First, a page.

Whistleblower Law Blog
The Employment Law Group® Law Firm Prevails in Appeal of Whistleblower Protection Act Case
In Drake v. Agency for International Development, the Federal Circuit held that the Merit Systems Protection Board (“MSPB”) erred in concluding that Drake’s disclosures were not protected under the Whistleblower Protection Act (“WPA”). Drake, a Foreign Service Investigator with the U.S. Agency for International Development (“Agency”), alleged that he was retaliated against for blowing the whistle about agency personnel consuming alcohol while on duty.
The MSPB held that Drake’s disclosures were not protected under the WPA because Drake could not prove that the behavior he observed was a result of intoxication. The Federal Circuit reversed, concluding that the standard for determining whether an employee’s disclosure is protected under the WPA is “not whether [the employee] was able to prove [a violation], but rather could a disinterested observer with knowledge of the essential facts known to and readily ascertainable by [the employee] reasonably conclude that agency personnel were [engaged in] a violation.” Finding that Drake had a reasonable belief that agency personnel were intoxicated, the Federal Circuit remanded the case to the MSPB.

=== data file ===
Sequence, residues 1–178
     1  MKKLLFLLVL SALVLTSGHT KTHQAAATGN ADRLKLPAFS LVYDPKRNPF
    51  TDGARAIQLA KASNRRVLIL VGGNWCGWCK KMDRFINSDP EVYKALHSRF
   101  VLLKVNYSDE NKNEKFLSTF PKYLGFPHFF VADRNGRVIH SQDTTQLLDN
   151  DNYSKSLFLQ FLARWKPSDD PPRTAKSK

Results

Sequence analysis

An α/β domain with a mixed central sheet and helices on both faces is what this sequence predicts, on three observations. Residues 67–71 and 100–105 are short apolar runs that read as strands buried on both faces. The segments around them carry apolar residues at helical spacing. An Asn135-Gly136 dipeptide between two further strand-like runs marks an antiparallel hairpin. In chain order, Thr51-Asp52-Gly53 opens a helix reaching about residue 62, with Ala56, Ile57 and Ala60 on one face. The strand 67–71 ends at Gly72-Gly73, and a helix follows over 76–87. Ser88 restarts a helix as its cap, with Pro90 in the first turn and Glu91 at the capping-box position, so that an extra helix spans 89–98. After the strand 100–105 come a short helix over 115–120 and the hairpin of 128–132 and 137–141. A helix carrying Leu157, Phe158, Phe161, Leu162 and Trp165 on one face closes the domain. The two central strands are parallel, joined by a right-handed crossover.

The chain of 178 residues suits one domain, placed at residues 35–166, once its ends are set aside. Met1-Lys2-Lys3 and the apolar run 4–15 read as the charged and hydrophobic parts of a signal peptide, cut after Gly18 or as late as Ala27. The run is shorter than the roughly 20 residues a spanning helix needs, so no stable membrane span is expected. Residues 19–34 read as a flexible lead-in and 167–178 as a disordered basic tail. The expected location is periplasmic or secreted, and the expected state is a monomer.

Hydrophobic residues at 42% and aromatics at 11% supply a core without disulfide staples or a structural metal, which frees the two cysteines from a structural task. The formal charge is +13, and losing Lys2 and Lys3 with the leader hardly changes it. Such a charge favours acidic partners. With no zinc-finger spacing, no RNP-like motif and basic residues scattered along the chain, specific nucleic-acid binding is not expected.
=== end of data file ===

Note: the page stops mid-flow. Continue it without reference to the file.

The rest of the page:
Mr. Drake is represented by R. Scott Oswald and Nicholas Woodfield of The Employment Law Group® law firm. For more information about The Employment Law Group® law firm’s whistleblower practice and the Whistleblower Protection act, click here.